Although little known today, Ahron Ben-Shmuel was recognized as a leading American sculptor in the 1930s. Known as a “sculptor’s sculptor” among his peers, Ben-Shmuel was especially admired for his technical mastery of stone carving, although he also worked in terracotta and bronze. In the 1930s, his sculptures were featured in exhibitions at the Museum of Modern Art, the Whitney Museum of American Art, and the Sculptor’s Guild in New York.
Ben-Shmuel’s streamlined style reflected his study of ancient sculpture as well as the influence of modernism. Although only fifteen inches high, The Captive (alternately titled The Martyr, Saint Sebastian) conveys a powerful sense of anguish. In both subject (human suffering) and style (figural elongation), the piece has a clear affinity with German Expressionist sculpture.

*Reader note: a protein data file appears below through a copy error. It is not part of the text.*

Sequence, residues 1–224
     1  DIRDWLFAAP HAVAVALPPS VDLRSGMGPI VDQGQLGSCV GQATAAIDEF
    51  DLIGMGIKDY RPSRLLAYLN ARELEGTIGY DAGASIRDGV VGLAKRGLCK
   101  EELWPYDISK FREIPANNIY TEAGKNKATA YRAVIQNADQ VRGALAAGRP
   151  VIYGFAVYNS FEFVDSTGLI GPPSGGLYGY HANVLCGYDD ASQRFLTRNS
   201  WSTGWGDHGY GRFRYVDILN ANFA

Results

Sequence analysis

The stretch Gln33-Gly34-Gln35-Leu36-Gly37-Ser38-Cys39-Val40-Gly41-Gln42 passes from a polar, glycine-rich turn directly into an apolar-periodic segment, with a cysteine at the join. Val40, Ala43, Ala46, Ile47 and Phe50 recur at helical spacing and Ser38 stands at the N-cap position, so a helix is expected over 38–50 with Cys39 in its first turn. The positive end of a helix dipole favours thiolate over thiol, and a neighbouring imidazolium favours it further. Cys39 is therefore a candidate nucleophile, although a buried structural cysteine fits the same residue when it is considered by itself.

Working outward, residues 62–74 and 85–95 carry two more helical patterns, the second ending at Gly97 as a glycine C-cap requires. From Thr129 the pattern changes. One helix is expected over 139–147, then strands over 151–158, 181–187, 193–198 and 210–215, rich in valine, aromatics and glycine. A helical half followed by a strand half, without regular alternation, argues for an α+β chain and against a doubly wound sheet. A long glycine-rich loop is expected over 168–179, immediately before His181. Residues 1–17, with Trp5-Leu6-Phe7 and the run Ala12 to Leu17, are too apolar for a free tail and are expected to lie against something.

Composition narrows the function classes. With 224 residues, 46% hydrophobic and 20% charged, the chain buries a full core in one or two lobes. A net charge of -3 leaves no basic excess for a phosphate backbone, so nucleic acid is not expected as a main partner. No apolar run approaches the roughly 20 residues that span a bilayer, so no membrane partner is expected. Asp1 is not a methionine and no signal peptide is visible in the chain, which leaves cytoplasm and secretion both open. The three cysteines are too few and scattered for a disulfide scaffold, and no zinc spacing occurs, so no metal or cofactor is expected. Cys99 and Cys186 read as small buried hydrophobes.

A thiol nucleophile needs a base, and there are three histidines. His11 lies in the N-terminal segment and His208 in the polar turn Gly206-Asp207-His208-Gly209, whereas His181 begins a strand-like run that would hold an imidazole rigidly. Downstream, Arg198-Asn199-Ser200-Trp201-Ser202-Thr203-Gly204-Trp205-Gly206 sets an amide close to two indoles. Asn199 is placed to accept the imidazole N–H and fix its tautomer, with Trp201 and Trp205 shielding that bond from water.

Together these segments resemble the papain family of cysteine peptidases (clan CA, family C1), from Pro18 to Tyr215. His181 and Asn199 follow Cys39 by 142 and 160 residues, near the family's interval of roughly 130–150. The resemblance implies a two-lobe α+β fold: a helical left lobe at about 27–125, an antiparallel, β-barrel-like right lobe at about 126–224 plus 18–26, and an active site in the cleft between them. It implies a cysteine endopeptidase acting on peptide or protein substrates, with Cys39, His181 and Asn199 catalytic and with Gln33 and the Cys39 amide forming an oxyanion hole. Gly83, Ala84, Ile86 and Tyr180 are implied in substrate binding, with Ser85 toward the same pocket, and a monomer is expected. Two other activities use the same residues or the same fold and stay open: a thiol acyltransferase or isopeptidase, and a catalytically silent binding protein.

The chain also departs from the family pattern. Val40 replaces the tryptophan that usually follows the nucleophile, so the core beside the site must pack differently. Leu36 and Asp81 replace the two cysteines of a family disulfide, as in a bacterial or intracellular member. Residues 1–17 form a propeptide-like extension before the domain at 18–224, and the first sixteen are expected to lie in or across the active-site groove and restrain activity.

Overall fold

The Captive will complement the Eskenazi Museum of Art’s holdings of German sculpture, revealing the international dissemination of Expressionism, and reintroducing a significant American modern artist to our visitors.